New York Post
June 30, 2010


Death penalty overturned in 2003 Staten Island cop killings

By BRUCE GOLDING and KIERAN CROWLEY

A vicious cop-killer sentenced to die for murdering two undercover NYPD detectives will get a second chance to plead for his life.

A federal appeals court today narrowly tossed out the capital punishment for Ronell Wilson in the execution-style slayings of Rodney Andrews and James Nemorin.

Wilson -- who brazenly stuck out his tongue at their families during his sentencing -- coldly shot the cops during a gun buy-and-bust operation on Staten Island in 2003.

READ THE COURT'S DECISION HERE

The court's decision immediately drew fire from Police Commissioner Ray Kelly, who a spokesman said "believes that the murder of a police officer is an attack on society itself and should be punished with the death penalty."

"There were no circumstances to suggest otherwise in the murders of Detectives Andrews and Nemorin, which were beyond heinous, cold-blooded executions."

Nemorin's widow, Rose, tearfully described herself as "confused" and "kind of in shock" from behind the door of her Nassau County home.

"I'm shaking -- I can't believe it. I'm confused," she said before breaking down.

"It's like losing it again and again and again. We were supposed to go shopping but I stopped and came home. I'm just kind of in shock."

Rose Nemorin said she had yet to break the news to her kids.

PBA President Pat Lynch said Wilson "earned himself the death penalty with the cold-blooded execution of two courageous detectives who risked and lost their lives fighting to make this city safer."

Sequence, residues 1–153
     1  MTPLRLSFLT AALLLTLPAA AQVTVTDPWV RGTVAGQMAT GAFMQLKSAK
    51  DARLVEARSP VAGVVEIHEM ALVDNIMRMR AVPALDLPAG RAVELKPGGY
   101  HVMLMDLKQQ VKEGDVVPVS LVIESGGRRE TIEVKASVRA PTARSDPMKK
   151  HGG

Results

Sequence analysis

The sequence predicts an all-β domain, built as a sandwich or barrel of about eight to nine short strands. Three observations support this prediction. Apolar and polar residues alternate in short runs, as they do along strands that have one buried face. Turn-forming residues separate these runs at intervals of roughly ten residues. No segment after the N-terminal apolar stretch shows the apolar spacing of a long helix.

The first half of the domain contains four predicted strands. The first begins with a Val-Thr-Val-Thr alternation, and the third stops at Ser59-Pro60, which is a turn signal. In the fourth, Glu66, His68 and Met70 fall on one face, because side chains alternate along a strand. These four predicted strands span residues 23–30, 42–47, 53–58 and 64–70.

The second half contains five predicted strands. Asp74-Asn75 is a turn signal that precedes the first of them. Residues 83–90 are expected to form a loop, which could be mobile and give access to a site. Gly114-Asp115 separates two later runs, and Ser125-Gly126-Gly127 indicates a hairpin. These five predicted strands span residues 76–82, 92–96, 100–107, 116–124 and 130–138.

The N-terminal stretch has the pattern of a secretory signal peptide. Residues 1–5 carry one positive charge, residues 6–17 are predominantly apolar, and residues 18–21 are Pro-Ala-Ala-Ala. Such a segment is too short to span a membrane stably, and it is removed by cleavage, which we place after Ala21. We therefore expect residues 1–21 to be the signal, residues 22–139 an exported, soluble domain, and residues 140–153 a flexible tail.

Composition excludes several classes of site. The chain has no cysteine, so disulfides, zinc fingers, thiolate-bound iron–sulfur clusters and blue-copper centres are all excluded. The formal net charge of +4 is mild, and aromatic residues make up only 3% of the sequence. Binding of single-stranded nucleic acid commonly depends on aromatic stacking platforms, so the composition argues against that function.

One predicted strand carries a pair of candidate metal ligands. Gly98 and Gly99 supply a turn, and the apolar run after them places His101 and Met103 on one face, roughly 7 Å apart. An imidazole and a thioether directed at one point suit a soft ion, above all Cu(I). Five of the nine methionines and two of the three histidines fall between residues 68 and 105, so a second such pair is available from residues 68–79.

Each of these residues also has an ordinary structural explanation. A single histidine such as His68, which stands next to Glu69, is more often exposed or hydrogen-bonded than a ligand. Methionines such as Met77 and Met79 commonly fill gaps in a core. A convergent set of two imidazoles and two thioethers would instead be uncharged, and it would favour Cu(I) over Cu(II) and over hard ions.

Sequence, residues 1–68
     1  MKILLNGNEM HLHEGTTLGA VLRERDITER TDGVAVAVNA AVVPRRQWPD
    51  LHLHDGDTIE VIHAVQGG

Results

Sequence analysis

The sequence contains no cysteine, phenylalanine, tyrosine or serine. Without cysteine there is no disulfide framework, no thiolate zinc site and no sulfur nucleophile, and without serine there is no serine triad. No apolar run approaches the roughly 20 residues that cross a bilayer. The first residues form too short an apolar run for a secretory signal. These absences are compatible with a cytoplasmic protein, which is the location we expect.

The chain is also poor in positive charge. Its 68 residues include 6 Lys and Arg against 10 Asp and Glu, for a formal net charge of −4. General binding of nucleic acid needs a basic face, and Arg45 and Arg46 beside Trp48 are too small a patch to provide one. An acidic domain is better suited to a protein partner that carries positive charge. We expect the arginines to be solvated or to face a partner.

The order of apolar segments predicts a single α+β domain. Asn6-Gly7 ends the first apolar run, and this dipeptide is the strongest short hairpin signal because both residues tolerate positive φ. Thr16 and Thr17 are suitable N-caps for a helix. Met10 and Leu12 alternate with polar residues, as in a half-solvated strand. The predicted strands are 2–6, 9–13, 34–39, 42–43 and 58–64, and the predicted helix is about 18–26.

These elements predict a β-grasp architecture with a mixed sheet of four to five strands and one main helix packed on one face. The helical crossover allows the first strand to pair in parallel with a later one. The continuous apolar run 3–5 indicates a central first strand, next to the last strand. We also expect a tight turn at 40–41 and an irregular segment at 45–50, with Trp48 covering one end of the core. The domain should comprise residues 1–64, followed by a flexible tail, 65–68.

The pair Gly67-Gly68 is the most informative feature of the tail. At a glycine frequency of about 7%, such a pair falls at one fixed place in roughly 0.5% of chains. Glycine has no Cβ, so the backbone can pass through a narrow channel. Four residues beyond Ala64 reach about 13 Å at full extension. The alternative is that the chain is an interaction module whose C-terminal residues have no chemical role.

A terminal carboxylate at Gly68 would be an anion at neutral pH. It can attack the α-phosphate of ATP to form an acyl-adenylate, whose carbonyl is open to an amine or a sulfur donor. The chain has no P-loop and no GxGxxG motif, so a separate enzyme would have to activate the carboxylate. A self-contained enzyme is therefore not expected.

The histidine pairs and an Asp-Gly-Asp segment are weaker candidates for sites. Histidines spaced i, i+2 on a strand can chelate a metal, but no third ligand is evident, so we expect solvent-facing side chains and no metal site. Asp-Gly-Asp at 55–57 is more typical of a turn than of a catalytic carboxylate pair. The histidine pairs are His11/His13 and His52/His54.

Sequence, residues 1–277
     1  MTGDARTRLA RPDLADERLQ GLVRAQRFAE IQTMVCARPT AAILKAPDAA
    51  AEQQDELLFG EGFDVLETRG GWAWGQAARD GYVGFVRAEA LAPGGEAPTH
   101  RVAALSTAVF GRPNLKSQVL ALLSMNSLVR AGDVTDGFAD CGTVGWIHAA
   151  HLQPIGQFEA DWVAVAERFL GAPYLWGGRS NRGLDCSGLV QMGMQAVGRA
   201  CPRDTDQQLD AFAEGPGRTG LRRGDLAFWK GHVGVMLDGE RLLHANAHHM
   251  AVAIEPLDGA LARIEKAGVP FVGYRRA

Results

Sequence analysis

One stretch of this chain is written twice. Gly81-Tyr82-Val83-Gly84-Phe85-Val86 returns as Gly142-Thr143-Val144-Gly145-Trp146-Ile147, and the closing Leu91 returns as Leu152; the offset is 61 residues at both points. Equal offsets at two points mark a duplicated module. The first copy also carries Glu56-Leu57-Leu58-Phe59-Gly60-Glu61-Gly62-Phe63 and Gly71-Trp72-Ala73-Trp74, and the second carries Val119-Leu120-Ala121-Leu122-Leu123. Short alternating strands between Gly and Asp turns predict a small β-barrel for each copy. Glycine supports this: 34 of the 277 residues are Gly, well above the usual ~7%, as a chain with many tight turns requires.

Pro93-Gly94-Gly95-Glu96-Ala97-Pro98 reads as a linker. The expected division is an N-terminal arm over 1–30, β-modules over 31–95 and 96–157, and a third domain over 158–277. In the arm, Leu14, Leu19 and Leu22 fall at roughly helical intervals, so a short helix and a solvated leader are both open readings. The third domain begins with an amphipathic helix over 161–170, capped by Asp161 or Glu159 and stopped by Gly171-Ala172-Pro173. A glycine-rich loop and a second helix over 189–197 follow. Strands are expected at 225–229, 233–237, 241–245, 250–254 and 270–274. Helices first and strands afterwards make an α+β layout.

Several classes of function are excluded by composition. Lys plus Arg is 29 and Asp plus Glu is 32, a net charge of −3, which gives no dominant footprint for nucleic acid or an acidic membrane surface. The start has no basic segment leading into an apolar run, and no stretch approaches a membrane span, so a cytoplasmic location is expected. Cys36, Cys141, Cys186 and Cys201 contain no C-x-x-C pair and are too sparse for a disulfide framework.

"This vile individual should not be spared because of a mere technicality. He is a cold-blooded killer who deserves the fate that he has brought on himself.” In its 2-to-1 decision, the Second Circuit Court of Appeals in Manhattan ordered a "penalty phase" retrial for Wilson on grounds that prosecutors violated his constitutional rights by attacking his claims of remorse during summations.

"These arguments were potent -- no juror found that Wilson accepted responsibility or showed remorse, and every juror found that Wilson presented a risk of future dangerousness," Chief Judge Dennis Jacobs wrote for the majority.

"On these facts, it is hard to see how the government can prove that these errors were harmless. Indeed, the government’s emphasis on these arguments during summation suggests they were not harmless beyond a reasonable doubt."

In a dissenting opinion, Judge Debra Ann Livingston said it was "entirely proper" for the prosecution to question the credibility of Wilson's unsworn apology "because it came only when Wilson faced punishment for his crime."

"It is both natural and irresistible for a jury, in evaluating the sincerity of a statement of contrition, to note when it comes only at the point a defendant is seeking to avoid the maximum penalty and when it is utterly devoid of corroboration," she wrote.

A spokesman said Brooklyn U.S. Attorney Loretta Lynch, whose office prosecuted Wilson, "will carefully review this decision and consider options."

Staten Island DA Dan Donovan, whose office handed over the case to the feds after New York's death penalty was ruled unconstitutional in 2004, said: "I have asked my Appeals Bureau to review the decision and to offer any assistance we can provide in this matter to the Justice Department, much as we have throughout this prosecution. ” Legal experts said a new jury would be impaneled if Lynch opts to seek the death penalty again, with the case unlikely to be heard for at least a year.

Prosecutors could also appeal the ruling to the U.S. Supreme Court.

Wilson, 28, was the first federal defendant sentenced to death in New York after Congress re-instated the death penalty in 1988, and he was set to be the first executed since Gerhard Puff was electrocuted in 1954 for murdering FBI Agent Joseph Brock during his arrest for bank robbery.

Before today's ruling, Wilson was among 59 inmates awaiting execution at the high-security federal prison in Terre Haute, Ind.

A spokesman there declined to say if Wilson had been transferred from death row.

Wilson's lawyers didn't immediately return calls for comment.

With additional reporting by Janon Fisher and John Doyle